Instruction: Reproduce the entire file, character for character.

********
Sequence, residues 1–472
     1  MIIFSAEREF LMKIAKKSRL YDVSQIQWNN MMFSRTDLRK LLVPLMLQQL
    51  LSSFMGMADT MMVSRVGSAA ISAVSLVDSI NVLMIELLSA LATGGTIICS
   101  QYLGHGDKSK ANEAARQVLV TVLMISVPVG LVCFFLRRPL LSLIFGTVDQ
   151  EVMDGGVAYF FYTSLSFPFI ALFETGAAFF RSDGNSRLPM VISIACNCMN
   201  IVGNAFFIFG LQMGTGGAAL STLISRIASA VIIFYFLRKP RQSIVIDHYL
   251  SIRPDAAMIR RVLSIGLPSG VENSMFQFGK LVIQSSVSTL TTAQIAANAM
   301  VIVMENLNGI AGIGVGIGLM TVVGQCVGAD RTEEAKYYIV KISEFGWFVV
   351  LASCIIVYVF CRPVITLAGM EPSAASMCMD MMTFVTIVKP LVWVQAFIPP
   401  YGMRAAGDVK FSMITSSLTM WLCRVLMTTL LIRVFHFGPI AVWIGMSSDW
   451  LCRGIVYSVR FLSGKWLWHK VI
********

Sequence, residues 1–472
     1  MIIFSAEREF LMKIAKKSRL YDVSQIQWNN MMFSRTDLRK LLVPLMLQQL
    51  LSSFMGMADT MMVSRVGSAA ISAVSLVDSI NVLMIELLSA LATGGTIICS
   101  QYLGHGDKSK ANEAARQVLV TVLMISVPVG LVCFFLRRPL LSLIFGTVDQ
   151  EVMDGGVAYF FYTSLSFPFI ALFETGAAFF RSDGNSRLPM VISIACNCMN
   201  IVGNAFFIFG LQMGTGGAAL STLISRIASA VIIFYFLRKP RQSIVIDHYL
   251  SIRPDAAMIR RVLSIGLPSG VENSMFQFGK LVIQSSVSTL TTAQIAANAM
   301  VIVMENLNGI AGIGVGIGLM TVVGQCVGAD RTEEAKYYIV KISEFGWFVV
   351  LASCIIVYVF CRPVITLAGM EPSAASMCMD MMTFVTIVKP LVWVQAFIPP
   401  YGMRAAGDVK FSMITSSLTM WLCRVLMTTL LIRVFHFGPI AVWIGMSSDW
   451  LCRGIVYSVR FLSGKWLWHK VI